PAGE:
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Sisian (18,000 people) sits on a high plateau where it snows as late as March or April, and the autumn ends early here too. Long miles of cropland are mown from the Spendaryan Reservoir to Goris after its short growing season, and in September the villages stack up with piles of hay, some taller than their houses.

Sisian is a fairly quiet country town with a core of early-20th-century buildings. Sisian is mostly laid out on a grid and is small enough for walking around. The centre of town is on the northern side of the Vorotan River. Marshrutkas leave from the junction on the northern end of the bridge. The main street, Sisakan Poghots, runs parallel to the river, one block inland. One end of Sisakan has a Soviet memorial cheerfully celebrating the crushing of the Dashnaks in 1920; from here a road swings to the right and up to Sisavan Church.

This land below the mountains of Syunik has been inhabited since forever, back to the ages of Neolithic observatories and animal petroglyphs. Sisisan is much better known for its petroglyphs site - Karahunj. Karahunj, also known as Zorats Kar, sometimes called Armenia's Stonehenge although the appellation is misleading since the two look very different, comprises 204 rough-hewn stones. They are arranged in an elaborate layout and almost certainly formed an ancient astronomical observatory dating from some time prior to 2000bc. The stones are basalt and the largest, 3m tall, weighs 10 tonnes. Of the stones, 76 have apertures near the top. The configuration is of 39 stones laid in an oval formation with its main axis running east-west for a distance of 43m. Within this oval are some contemporary graves. Bisecting the oval is an arc comprising a further 20 stones. Three arms of stones lie off this central shape running to the north, south and southeast. The north and south arms are much longer than the southeast arm and bend west towards their tips. Stones with apertures occur only in the arms but not all stones in the arms have apertures.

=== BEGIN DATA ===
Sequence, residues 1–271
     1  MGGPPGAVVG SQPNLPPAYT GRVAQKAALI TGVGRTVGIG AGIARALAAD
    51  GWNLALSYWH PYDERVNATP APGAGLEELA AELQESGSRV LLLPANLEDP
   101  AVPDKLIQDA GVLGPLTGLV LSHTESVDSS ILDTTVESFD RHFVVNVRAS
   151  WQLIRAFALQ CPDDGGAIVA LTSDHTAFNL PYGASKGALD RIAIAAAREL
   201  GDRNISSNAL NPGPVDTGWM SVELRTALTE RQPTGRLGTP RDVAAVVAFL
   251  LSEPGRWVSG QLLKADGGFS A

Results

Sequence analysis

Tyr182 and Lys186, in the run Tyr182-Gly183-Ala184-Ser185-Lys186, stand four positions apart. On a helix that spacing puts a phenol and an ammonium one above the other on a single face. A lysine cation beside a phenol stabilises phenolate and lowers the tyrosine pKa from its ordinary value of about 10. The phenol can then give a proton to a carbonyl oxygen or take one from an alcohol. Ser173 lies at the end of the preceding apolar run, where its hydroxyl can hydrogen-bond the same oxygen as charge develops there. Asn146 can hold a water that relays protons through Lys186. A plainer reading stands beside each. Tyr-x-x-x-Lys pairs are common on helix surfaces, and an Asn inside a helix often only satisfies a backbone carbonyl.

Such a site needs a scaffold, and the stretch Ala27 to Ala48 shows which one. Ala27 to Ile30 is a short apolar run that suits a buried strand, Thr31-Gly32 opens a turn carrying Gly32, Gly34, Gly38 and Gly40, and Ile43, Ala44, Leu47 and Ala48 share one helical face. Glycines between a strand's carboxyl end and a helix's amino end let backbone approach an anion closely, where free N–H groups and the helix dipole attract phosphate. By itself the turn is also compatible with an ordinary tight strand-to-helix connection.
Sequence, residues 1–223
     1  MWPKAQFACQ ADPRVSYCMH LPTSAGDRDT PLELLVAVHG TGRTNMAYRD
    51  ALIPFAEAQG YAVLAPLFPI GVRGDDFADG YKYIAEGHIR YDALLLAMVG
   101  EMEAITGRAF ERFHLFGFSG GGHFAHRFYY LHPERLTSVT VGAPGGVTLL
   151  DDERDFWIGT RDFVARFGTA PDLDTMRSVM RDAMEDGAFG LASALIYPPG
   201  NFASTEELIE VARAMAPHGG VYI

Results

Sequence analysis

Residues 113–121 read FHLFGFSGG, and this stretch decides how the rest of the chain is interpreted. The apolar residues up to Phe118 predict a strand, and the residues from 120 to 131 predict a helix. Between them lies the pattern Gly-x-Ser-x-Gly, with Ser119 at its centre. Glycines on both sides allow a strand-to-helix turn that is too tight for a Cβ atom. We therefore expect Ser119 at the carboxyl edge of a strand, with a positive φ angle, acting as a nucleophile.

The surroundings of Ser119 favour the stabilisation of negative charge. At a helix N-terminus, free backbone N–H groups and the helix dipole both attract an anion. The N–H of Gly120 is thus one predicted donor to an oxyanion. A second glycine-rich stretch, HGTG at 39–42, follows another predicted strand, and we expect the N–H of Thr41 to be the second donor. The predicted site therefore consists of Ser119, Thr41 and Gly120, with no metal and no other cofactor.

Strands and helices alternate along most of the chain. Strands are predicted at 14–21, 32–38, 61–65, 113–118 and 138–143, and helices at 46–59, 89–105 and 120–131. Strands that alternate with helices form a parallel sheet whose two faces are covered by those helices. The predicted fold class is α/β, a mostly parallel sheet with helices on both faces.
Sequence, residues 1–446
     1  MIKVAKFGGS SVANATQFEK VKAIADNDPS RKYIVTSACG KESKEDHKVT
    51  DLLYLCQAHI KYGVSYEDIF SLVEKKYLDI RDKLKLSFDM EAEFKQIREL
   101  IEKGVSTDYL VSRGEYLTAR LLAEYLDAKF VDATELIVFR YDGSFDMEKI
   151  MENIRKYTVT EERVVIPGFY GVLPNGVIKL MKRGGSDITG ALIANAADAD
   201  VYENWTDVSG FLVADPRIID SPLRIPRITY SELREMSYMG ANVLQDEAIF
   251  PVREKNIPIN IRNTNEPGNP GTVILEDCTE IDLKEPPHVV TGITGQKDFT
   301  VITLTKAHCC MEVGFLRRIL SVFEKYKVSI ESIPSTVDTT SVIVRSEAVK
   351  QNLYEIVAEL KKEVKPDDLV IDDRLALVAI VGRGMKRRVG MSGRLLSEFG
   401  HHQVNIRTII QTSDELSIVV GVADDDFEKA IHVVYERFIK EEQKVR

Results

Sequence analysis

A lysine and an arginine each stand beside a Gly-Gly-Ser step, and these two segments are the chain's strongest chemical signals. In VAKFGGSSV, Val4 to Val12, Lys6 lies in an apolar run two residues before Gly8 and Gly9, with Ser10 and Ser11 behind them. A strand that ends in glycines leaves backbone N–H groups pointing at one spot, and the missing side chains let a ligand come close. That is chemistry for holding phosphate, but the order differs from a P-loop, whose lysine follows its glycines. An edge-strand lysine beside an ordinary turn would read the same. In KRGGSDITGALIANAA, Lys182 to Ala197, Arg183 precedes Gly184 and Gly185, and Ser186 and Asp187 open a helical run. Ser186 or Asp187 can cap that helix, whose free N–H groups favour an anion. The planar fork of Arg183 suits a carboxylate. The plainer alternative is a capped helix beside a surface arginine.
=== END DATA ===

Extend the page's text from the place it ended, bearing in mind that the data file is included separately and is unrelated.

There has been much theorising on how the monument was used. It certainly seems clear that the apertures must be significant but they are too large (at least 5cm diameter) to look through a single one in a precise direction and they don't seem to be lined up with each other for looking through pairs of apertures. Had this been possible it would have facilitated more precise observation. Conceivably the stones could have been used for observing the moon, but observation of stars seems difficult to imagine. Anyone looking at the sun would have suffered severe damage to their central vision. Karahunj, on its rock-strewn site, is impressive but the lack of any convincing explanation makes a visit somewhat frustrating.

Some sizeable lizards (40cm in length) of rather prehistoric appearance clamber about on the stones. They are Caucasian agama (Laudakia caucasius), a species, despite its name, with a range from northeast Turkey to Pakistan. Note that Karahunj is off the main Sisian to Goris road, just east of Sisian, and is not near the village of Karahunj to the south of Goris.